Anti-pipeline protests across Canada this week have prompted questions of how exactly Indigenous governance works, namely what the differences are between non-elected hereditary chiefs and band councils elected by First Nations.
The protests began after 14 people were arrested Monday on the traditional territory of the Wet’suwet’en First Nation.
Coastal GasLink wants to build a natural gas pipeline through the territory, and says it has signed agreements with the elected councils of all 20 First Nations along the path — including the Wet’suwet’en.
However, there’s a disagreement within the Wet’suwet’en First Nation, where elected council supports the pipeline project and hereditary chiefs oppose it.
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The Unist’ot’en, a house group within the five Wet’suwet’en clans, set up a pipeline protest camp near Houston, B.C., almost a decade ago. The arrests Monday were at a checkpoint set up by the Gidimt’en, who are another of the five clans.
While protesters said they could abide by the injunction late Wednesday night, they maintained their disapproval of the project.
A look at hereditary chiefs:
University of Toronto professor Jeffrey Ansloos, who is a member of the Fisher River Cree Nation, explained to Global News that hereditary chiefs are a form of Indigenous governance that precede British colonization.
“These are, in a very real sense, governments with distinct law, with distinct traditions, rule, regulations and protocols for how communities are governed,” Ansloos explained.
A look at band councils:
Band councils, in contrast, are a structure that was introduced by the federal government through the Indian Act.
He noted that how these two groups work together can vary among First Nations communities.
“What you see in the case of what’s happening currently in B.C. is a tension between the interests of a band council and individuals in the community that are recognized within the community — not necessarily outside of the community — as community leaders.”
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Who should companies and government be negotiating with?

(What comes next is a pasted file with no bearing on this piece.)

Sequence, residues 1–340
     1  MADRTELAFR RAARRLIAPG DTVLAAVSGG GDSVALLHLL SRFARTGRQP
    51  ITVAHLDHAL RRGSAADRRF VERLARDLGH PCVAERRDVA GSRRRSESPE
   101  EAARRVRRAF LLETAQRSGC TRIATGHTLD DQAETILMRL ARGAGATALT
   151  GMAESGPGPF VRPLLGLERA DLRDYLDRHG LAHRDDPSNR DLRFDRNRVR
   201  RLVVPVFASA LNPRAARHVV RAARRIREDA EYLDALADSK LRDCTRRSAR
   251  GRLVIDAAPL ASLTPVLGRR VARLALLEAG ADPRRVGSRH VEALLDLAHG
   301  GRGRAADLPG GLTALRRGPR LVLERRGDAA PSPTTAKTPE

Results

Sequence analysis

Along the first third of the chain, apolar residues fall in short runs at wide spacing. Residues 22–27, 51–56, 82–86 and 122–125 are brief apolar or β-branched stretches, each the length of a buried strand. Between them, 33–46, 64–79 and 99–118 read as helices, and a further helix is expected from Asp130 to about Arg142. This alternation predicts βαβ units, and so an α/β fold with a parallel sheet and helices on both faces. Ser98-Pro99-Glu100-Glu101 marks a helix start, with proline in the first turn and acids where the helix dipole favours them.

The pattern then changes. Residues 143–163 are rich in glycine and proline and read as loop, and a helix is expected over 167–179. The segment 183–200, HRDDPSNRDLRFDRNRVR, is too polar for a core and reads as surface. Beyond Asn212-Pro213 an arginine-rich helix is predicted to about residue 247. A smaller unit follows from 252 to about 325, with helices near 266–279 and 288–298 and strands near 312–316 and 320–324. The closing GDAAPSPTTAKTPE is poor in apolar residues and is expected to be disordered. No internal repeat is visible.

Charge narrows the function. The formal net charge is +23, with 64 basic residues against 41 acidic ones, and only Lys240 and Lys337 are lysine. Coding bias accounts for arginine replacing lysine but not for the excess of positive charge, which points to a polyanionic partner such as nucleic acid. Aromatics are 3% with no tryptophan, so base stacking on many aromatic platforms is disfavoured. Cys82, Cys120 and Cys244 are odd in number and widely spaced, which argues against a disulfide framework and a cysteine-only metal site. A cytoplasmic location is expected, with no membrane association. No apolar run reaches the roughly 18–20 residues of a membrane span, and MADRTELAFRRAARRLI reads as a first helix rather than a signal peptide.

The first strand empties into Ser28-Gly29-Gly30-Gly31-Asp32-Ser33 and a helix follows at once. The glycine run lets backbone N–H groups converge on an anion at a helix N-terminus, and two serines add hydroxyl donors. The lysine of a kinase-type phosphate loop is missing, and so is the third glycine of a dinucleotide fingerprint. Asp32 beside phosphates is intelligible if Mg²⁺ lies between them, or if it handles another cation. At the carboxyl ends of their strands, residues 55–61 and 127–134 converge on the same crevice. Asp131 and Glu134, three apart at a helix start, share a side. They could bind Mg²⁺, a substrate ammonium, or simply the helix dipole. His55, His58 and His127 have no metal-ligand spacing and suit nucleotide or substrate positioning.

Val Napoleon, director of the Indigenous law research unit at the University of Victoria, explained that governments and companies negotiating with First Nations on everything from treaties to resource development must find ways to include and accept differing Indigenous governance and legal structures as part of their agreements.
But the issue can be tricky.
“The question of who represents Indigenous people is a thorny one,” Napoleon said. “Just saying this system is good and that system is not isn’t helpful. Indigenous legal traditions have to be part of the relationship with Canada.”
B.C. Premier John Horgan has said there is no set formula for negotiating agreements with Indigenous groups in B.C., where there are roughly two dozen treaties among more than 200 First Nations.
“It’s the responsibilities of the two orders of government to figure that out,” he said. “We do that by working in consultations with band councils and hereditary leadership. I would love to be able to say to you it’s really simple, but it’s not.”
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Ansloos noted that it’s important to remember that the territory in question is unceded — no Wet’suwet’en land has been surrendered to the government by treaty.
“I think this is a reminder that, first and foremost, that not all the land within sort of broadly understood borders of Canada is held by the government of Canada,” he said.
What Trudeau has said
Prime Minister Justin Trudeau said Thursday that he was pleased to see tensions between police and First Nations eased slightly following the arrests.
Trudeau, speaking at Thompson Rivers University, said the tensions prove the government needs to properly engage with Indigenous peoples and build a different relationship than it has in the past.
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“I think we can all agree that is the way we need to move forward as a country, in a more respectful, more thoughtful, more engaged way. There are going to be moments when that doesn’t work out as well as it should and we’ll need to learn from those moments,” he said.
The prime minister has not clearly said what possible solutions to the disagreements could be.
Ansloos noted that one of Trudeau’s main campaign promises included reconciliation efforts with Indigenous peoples, and especially in an election year, this issue doesn’t bode well.
The professor predicted that the issue will end up in the legal system, where First Nations and advocates will press the government to abide by the United Nations Declaration on the Rights of Indigenous Peoples.
“That certainly by all reports is in violation at this moment,” Ansloos said.
— With files from The Canadian Press